Staff Publications

Staff Publications

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    'Staff publications' is the digital repository of Wageningen University & Research

    'Staff publications' contains references to publications authored by Wageningen University staff from 1976 onward.

    Publications authored by the staff of the Research Institutes are available from 1995 onwards.

    Full text documents are added when available. The database is updated daily and currently holds about 240,000 items, of which 72,000 in open access.

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Record number 497104
Title The Wageningen Rainfall Simulator : set-up and calibration of an indoor nozzle-type rainfall simulator for soil erosion studies
Author(s) Lassu, Tamas; Seeger, K.M.; Peters, P.D.; Keesstra, S.D.
Source Land Degradation and Development 26 (2015)6. - ISSN 1085-3278 - p. 604 - 612.
Department(s) Soil Physics and Land Management
Publication type Refereed Article in a scientific journal
Publication year 2015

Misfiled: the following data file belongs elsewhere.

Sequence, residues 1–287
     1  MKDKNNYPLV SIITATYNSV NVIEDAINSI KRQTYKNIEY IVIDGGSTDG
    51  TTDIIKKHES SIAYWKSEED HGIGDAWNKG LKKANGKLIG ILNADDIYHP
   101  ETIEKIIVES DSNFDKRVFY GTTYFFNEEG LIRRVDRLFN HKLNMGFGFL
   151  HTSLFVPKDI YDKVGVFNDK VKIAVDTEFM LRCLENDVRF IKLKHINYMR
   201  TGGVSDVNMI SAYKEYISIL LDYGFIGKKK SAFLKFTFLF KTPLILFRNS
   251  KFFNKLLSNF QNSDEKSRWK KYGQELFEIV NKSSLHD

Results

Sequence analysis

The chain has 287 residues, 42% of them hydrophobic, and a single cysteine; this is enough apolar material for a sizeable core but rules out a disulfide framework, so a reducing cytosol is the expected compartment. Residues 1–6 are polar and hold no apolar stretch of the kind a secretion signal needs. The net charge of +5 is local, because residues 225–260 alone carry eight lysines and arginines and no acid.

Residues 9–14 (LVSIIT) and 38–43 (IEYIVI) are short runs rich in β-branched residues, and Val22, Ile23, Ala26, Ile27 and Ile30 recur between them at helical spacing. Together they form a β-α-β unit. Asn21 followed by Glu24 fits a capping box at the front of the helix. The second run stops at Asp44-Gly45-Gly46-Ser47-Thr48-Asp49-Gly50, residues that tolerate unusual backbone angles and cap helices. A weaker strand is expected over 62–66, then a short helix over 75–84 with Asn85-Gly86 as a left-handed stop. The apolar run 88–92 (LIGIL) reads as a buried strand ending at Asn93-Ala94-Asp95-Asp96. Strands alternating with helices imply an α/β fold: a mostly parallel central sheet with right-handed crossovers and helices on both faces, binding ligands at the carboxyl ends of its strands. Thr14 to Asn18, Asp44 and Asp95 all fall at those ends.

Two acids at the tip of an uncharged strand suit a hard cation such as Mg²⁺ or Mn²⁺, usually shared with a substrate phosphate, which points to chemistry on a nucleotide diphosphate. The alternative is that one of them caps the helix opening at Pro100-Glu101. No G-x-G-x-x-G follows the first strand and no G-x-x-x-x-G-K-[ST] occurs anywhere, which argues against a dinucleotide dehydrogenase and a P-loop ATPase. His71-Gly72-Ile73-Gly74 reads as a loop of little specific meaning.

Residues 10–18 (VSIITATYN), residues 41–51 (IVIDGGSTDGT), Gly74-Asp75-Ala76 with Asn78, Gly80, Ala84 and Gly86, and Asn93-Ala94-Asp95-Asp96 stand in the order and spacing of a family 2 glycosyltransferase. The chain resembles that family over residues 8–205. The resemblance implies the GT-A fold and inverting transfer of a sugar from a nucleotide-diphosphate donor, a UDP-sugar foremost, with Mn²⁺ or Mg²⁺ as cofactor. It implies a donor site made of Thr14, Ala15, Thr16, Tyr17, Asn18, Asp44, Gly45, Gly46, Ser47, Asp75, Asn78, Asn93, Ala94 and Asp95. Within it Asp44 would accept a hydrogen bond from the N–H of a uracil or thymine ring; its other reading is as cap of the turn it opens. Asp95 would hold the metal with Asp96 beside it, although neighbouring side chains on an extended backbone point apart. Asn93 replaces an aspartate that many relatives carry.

Abstract The set-up and characterisation of an indoor nozzle-type rainfall simulator (RS) at Wageningen University, the Netherlands, are presented. It is equipped with four Lechler nozzles (two nr. 460·788 and two nr. 461·008). The tilting irrigation plot is 6 m long and 2·5 m wide. An electrical pump supplies the constant flow during the experiments. The spatial distribution of the rainfall was measured with 60 rain gauges equally distributed on the experimental plot. Thies® Laser Precipitation Monitor was used to measure the size and falling velocity of the raindrops. Four different flow rates were applied (Q1–4). From the collected data, spatial rainfall intensity and spatial kinetic energy distribution maps were created; Christiansen uniformity coefficient was calculated for each flow rate. The results of the experiments revealed that the rainfall parameters (spatial rainfall intensity, kinetic energy, raindrop size distribution and fall velocity) in the RS are not homogeneous (Christiansen uniformity ranges from 68·5% to 83·2%). Accordingly, the whole plot can only be irrigated irregularly applying a wide range of intensities and rainfall energies. The RS offers a good opportunity to study great variety of process intensities such as splash erosion, runoff generation, soil aggregate stability, organic matter migration and scaled landscape development.
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